Kaspersky’s recent statistics report from February to April 2022 revealed that 68.95% of phishing attempts target finance-related transactions in the Philippines. 

Anonymized data voluntarily given by Kaspersky’s customers revealed that phishing attempts that were blocked and detected were aimed at finances: banks, e-commerce stores, and payment systems. Specifically targeting credit cards, debit cards, and mobile payment apps or e-wallets.

Statistics from Kaspersky Security Network (KSN) also showed that phishing attempts in the Philippines are more severe than in Indonesia (65.90%), Singapore (55.67%), Thailand (55.63%), Malaysia (50.58%), and Vietnam (36.12%). 

Percentage of financial-related phishing attacks in SEA from Feb to April 2022. (source: Kaspersky)

However, the same data also showed that phishing attempts in local banks were the lowest in the region at only 2.17%, while phishing attempts versus e-commerce shops in the country were the second lowest among SEA countries at 8.28%.

Yeo Siang Tiong, General Manager for Southeast Asia at Kaspersky, also mentioned that ‘Super Apps’ are also on the rise in SEA. These mobile applications combine all popular monetary functions, including e-banking, mobile wallets, online shopping, insurance, travel bookings, and investments. However, he cautioned that putting people’s data and digital money in one basket can “trigger an aftermath snowball, with the impact of a phishing attack swelling at an unforeseeable rate.”

Super Apps are traditional banks and service providers’ way of standing out in a crowded industry. However, as they try to work with third parties and incorporate their services into a single mobile app, the attack surface expands, opening up more doors to a malicious exploit.

So far, phishing is still the most effective method, a very known way to crack into a user’s or even a company’s network by playing on a user’s emotions.

“It is known that cybercriminals follow the money trail, so it is important for banks, app developers, and service providers to integrate cybersecurity from the beginning of application development,” explained Yeo.

Kaspersky reminds its organizations that prevention is better than cure, even while security systems are already in place in most financial companies.

Firms may invest in endpoint security solutions, such as Kaspersky’s Endpoint Detection and Response Optimum that currently have a 35% discount to help enterprises get started. Interested companies can visit this link to know more. 

Some more crucial steps to look into also include:

  • Considering a threat intelligence platform. Another critical component to include would be ensuring access to the latest IT security trends/threats – also known as threat intelligence. Threat intelligence will give the insight to act on, and paint a bigger, more accurate picture of the bank’s digital presence, to educate senior stakeholders about the ongoing risks and vulnerabilities. This will empower them to make informed decisions on what needs to be done to keep the potential harm at bay, refine existing security processes to better defend against known threats, and plug any gap in the IT infrastructure on an ongoing basis.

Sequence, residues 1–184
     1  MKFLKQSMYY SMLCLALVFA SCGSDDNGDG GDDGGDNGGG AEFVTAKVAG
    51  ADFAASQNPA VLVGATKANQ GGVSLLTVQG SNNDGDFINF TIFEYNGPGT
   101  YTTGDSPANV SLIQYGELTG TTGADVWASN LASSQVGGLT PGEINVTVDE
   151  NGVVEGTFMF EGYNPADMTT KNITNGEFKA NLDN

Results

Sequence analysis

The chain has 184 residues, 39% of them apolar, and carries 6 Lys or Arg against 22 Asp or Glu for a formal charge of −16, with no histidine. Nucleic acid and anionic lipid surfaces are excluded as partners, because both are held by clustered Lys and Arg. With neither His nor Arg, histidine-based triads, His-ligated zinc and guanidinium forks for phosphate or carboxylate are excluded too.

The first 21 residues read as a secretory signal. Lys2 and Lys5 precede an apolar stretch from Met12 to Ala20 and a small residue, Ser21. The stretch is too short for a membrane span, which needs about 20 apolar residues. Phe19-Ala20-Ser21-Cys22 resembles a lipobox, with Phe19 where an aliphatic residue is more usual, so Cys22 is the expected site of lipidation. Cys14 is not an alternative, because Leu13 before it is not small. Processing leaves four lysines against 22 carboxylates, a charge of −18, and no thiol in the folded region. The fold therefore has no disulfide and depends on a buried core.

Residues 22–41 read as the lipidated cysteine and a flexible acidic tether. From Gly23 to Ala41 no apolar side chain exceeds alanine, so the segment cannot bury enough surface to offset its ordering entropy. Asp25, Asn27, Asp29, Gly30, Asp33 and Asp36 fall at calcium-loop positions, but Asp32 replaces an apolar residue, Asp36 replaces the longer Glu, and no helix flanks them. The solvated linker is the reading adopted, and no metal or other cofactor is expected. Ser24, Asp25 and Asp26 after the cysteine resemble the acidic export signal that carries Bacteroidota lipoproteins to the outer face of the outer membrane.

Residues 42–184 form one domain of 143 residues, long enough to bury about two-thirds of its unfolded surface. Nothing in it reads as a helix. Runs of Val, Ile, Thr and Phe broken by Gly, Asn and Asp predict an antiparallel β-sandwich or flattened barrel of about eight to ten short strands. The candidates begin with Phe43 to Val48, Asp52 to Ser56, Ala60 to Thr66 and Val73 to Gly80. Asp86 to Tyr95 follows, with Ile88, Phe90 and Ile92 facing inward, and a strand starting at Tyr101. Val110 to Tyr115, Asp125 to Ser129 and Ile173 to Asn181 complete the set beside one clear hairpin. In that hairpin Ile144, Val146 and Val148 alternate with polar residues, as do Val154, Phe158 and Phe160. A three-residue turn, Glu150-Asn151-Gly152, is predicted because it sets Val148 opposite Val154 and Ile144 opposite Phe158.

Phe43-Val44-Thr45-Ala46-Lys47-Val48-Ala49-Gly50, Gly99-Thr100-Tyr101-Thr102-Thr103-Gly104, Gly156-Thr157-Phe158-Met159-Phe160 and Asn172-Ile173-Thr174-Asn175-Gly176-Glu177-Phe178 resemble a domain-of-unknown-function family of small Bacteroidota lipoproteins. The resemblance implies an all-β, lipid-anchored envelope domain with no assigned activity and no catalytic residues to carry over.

• Ensuring any third-party vendors’ cybersecurity systems are also updated. There have been increasing reports on how breaches to third-party security systems have implicated businesses. Whether you are a bank, the Government, or a private enterprise, no one is immune from these security threats, and we must heighten our vigilance regarding cybersecurity. It does not matter how secure your third-party vendor tells you their systems are, as the elevated prominence of supply chain attacks has shown us that taking responsibility for your cybersecurity posture is vital rather than leaving it in your partners’ hands.
  • As parties are impersonated by threat actors, implementing defense measures must go beyond protecting their systems. Banks must take proactive steps to remind their customers against falling prey to their impersonators and phishing and scam attacks, even if they happen outside their systems. 

Some things to keep in mind that can help individuals protect themselves against phishing attacks include: 

  • Not responding. Even prompts to reply like texting “UNSUBSCRIBE” or “STOP” can be a trick to identify active phone numbers. Attackers depend on your curiosity or anxiety over the situation, but you can choose not to engage. 
  • Avoid using any links or contact information in the email or message. Instead, go directly to contact channels where possible. Remember that urgent notices can be verified now on online accounts or via an official phone helpline. 
  • Look out for mistakes, typos, and strange characters in the text. Some threat actors really struggle with English, or some mistakes are intentionally made (such as using numbers to replace certain alphabets, e.g., “Bank L0an” instead of “Bank Loan”) in an attempt to bypass spam filters.
  • Slow down if a message is urgent. Emails and SMS are often read on the go when one is distracted or in a hurry, leaving one’s guard down. Approach offers as caution signs of possible phishing, remain calm, and proceed carefully. 
  • Download an anti-malware app, which can protect against malicious apps such as Kaspersky Total Security for a safety net.

Read the full Kaspersky’s 2021 Threat Landscape Report for Southeast Asia here https://kasperskysea.co/premium_report.

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